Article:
by some antiquaries of this country, seems to be entirely fictitious. --- Her son Constantine treated her with great respect. Upon his conversion to Christianity, she followed his example, and became extremely zealous for her new faith. She had the title of Augusta and Empress at court and in the army, and the entire disposal of a large revenue. About 326 she paid a visit to the holy places of Jerusalem, and this was the epoch of that memorable event in ecclesiastical history called the invention of the true cross.

Though Eusebius, in his Ecclesiastical History, is silent concerning this great event, it is recorded by so many other writers of grave authority, that the Catholic Church have made no scruple of commemorate ing it by a religious service. - - - Helena died at the age of eighty in 328, and was interred in the imperial mausoleum at Rome.

She is canonized as a Saint by the Roman Catholic Church.”

Whatever judgment may be formed of the character of Helena herself, among Protestants there can be but one opinion with regard to the invention of the cross; and the reader will probably think that “this curious piece of deplorable superstition” was scarcely worthy of a serious and elaborate confutation. It has been noticed lately in terms of great severity by a respectable traveller.*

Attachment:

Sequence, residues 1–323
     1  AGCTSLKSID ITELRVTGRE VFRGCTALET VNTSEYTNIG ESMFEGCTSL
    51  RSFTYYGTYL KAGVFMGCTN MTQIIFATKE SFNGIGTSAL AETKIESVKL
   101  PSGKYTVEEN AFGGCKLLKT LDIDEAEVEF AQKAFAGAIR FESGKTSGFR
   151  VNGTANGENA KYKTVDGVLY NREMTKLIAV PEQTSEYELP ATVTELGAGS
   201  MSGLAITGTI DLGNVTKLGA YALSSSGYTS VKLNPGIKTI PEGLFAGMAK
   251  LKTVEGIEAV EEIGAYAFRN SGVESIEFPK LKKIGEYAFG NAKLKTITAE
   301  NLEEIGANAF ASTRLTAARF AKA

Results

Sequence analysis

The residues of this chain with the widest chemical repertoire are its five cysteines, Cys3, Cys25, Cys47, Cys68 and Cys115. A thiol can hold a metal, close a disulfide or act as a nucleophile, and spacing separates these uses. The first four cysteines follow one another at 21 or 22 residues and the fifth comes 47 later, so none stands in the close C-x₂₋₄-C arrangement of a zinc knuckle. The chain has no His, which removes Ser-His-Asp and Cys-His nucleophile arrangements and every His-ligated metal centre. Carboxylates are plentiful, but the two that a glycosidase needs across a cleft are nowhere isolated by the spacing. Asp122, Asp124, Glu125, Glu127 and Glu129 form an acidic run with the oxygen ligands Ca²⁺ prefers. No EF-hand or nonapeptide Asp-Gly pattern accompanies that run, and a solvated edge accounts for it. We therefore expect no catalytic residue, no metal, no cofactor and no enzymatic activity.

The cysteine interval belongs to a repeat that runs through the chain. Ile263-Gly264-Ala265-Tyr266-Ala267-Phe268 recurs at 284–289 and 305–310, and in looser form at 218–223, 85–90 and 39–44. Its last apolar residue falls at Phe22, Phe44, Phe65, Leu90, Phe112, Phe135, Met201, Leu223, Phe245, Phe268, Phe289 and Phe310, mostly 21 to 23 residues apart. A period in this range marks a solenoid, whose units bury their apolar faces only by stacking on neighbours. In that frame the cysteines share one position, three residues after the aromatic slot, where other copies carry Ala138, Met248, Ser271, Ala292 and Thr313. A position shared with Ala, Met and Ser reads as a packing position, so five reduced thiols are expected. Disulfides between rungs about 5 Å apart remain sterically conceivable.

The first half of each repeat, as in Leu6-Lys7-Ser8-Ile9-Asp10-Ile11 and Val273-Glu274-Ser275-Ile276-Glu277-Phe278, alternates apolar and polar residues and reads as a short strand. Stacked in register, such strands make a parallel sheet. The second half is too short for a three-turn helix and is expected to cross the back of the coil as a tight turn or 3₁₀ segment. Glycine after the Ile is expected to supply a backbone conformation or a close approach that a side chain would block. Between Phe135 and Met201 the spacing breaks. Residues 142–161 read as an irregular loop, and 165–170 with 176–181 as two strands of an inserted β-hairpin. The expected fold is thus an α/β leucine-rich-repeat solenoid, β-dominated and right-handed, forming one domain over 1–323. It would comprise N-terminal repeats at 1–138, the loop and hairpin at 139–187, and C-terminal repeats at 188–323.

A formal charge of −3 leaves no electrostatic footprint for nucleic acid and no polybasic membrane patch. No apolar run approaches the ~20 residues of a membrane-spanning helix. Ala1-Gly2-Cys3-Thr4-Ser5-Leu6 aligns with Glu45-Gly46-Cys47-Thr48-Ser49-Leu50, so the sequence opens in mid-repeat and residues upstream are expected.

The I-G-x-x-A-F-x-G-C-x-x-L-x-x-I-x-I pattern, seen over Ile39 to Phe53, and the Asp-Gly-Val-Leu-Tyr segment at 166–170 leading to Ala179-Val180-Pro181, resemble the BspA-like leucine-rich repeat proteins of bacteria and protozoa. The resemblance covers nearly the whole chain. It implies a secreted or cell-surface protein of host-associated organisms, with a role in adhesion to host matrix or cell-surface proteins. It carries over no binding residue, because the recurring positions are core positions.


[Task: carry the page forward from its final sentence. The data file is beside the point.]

Note XII. Page 76. Rhegium, now called Reggio, is a considerable town on the coast of Italy opposite to Sicily. The Rhegian crime consisted in an act of treachery committed by a Legion of Roman soldiers sent to protect that city from the danger which its inhabitants apprehended from the incursions of Pyrrhus and the Carthaginian fleet. This Roman legion, which was called the Campanian, and commanded by Decius Jubellius the tribune, after remaining true to their duty for some time, were at last seduced by the commodious situation of the place and the wealth of the citizens, took entire possession of the city, and drove out or killed the inhabitants. The Roman government, indignant at the treachery, besieged Rhegium, and destroyed the greater part of the legion in the assault; and three hundred who were taken alive, were carried to Rome, where they were first scourged, and then beheaded. The city, with all the lands, was restored to its former inhabitants, who enjoyed their liberty and laws as before. By this act of severity, the Romans recovered their character for good faith amongst their allies, and mightily increased their reputation.t

• Dr Clarke's Travels, Vol. iii. pp. 567, 568.
+ Vid. Tit. Liv. Lib. xii. cap. 27-32. Lib. xv. cap. 2–4.